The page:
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R. E. Toohey, Ph.D., CHP
President-Elect, Health Physics Society
Oak Ridge Associated Universities
Oak Ridge, Tennessee, U.S.A. 37831-0117

Richard Toohey received his Ph.D. in physics from the University of Cincinnati in 1973. He spent the first part of his career at Argonne National Laboratory in both research and operational health physics. He has been at ORAU since 1994, where he has served as director of the Radiation Internal Dose Information Center, as Sr. Health Physicist for REAC/TS, and is currently the Director of dose reconstruction programs. He is certified in comprehensive practice by the ABHP, is a member of the National Council for Radiation Protection and Measurements, and has served as a Director, Secretary, and Treasurer of HPS. Dick has 130 publications in the open literature, and is a retired Lt. Col., US Army Reserve. He and his wife Beverly live in Oak Ridge, where they provide staff services to the resident cat.

Why No One Believes Us: Cognitive Neuroscience and Radiation Risk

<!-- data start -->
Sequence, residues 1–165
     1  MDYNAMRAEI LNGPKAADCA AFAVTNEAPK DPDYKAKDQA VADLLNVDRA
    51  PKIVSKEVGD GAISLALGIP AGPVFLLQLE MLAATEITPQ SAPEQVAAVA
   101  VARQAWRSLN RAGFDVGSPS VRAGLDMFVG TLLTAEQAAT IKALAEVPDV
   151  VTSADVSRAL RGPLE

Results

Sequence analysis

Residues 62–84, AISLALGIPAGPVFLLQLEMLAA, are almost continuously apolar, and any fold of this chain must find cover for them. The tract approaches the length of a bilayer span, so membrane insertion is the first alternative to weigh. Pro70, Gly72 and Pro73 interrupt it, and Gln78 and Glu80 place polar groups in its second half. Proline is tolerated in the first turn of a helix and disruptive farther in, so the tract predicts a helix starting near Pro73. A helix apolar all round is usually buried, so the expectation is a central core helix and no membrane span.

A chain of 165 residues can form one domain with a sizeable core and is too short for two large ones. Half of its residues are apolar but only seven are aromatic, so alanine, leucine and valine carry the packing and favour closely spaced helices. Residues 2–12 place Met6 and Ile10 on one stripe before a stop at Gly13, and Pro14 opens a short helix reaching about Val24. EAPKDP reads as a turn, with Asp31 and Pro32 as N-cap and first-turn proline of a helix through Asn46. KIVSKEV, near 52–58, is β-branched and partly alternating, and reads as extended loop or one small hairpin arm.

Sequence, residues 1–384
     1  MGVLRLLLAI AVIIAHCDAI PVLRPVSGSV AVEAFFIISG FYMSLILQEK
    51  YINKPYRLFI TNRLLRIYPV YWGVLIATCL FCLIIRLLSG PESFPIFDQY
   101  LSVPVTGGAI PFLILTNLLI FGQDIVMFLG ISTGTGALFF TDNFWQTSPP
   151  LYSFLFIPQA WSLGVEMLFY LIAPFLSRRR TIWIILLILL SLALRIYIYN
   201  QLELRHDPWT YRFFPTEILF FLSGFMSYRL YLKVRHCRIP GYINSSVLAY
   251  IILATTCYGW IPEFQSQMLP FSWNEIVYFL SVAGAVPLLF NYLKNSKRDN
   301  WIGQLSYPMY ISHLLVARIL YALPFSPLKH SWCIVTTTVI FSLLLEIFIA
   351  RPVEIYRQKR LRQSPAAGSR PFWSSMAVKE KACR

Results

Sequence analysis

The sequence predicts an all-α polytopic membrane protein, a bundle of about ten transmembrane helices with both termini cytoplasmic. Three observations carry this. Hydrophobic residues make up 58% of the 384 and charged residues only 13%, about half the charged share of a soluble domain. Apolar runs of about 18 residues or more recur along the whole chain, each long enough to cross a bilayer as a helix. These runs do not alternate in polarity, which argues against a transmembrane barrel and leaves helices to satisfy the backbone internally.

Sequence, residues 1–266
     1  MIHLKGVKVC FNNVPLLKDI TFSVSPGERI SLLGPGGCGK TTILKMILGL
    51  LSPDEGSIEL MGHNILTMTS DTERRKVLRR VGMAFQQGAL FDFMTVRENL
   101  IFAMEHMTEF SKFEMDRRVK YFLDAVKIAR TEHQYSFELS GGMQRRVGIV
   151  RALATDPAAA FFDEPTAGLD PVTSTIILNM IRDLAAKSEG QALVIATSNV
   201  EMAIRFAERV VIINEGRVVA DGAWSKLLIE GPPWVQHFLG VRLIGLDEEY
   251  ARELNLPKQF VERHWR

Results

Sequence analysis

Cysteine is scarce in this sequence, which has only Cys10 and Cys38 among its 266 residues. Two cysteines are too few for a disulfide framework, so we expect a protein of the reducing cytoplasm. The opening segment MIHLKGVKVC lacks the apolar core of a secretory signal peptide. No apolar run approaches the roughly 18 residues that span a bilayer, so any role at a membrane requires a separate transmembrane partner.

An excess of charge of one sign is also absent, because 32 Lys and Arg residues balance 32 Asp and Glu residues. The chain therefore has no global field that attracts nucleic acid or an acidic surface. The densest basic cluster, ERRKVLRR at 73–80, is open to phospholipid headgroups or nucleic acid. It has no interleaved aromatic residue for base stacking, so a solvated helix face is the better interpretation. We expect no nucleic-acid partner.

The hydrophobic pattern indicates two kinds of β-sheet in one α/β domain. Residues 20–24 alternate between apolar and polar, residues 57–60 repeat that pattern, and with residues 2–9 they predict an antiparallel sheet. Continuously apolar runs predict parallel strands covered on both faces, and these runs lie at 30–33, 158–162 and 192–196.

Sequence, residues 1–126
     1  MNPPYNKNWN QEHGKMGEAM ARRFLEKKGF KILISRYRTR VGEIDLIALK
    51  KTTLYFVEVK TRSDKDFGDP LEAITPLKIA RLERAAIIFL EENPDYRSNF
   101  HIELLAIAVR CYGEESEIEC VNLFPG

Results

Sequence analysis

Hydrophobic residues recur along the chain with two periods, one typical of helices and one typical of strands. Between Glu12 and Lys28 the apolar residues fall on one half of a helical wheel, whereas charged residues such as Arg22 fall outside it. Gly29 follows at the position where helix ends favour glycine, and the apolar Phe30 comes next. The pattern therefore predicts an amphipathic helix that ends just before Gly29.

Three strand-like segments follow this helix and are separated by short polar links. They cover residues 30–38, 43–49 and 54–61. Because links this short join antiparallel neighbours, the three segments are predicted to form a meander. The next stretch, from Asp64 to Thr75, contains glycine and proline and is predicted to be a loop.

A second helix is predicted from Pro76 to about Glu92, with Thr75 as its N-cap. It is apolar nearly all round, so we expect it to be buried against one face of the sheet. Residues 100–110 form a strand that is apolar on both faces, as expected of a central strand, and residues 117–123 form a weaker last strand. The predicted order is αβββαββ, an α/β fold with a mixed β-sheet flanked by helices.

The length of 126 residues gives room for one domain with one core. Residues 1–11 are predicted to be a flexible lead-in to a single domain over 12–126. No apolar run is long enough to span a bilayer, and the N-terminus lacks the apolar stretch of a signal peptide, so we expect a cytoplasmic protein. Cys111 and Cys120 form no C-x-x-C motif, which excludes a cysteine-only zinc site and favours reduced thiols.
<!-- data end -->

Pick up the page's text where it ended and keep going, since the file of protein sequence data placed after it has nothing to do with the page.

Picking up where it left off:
Public perception of radiation risks and their acceptability remains far from the consensus of radiation protection specialists, despite decades of individual and organizational efforts at risk communication. We have eagerly adopted the guidance of risk communication specialists, and presented the facts in a non-threatening and understandable fashion. Nevertheless we continue to encounter intense opposition to the development of nuclear power plants, waste storage sites, food irradiation facilities, and other applications of radiation and radioactive materials. We have been told such opposition is an emotional reaction that we must allow to be expressed, and then calmly and coolly respond with our understandable facts. One understandable fact is that what we have been doing simply doesn't work. The rapid development of the cognitive neuro-sciences, particularly evolutionary psychology, over the past twenty years or so has provided remarkable insights into this situation. Human brains come into the world with certain genetically determined methods of classifying sensory inputs called "memes," a term adopted from cultural anthropology. The "contagion" meme is a key player in response to radiological issues, as are the "justice" and "pattern-seeking" memes. Furthermore, the human decision-making faculty does not exist in Descartes' res cogitans, but in a hard-wired network of literal gut feelings and other body states we call emotions. Understanding and implementing these findings may lead us to more effective communication efforts, but also warn us that effecting significant behavioral changes will be a Sisyphean task.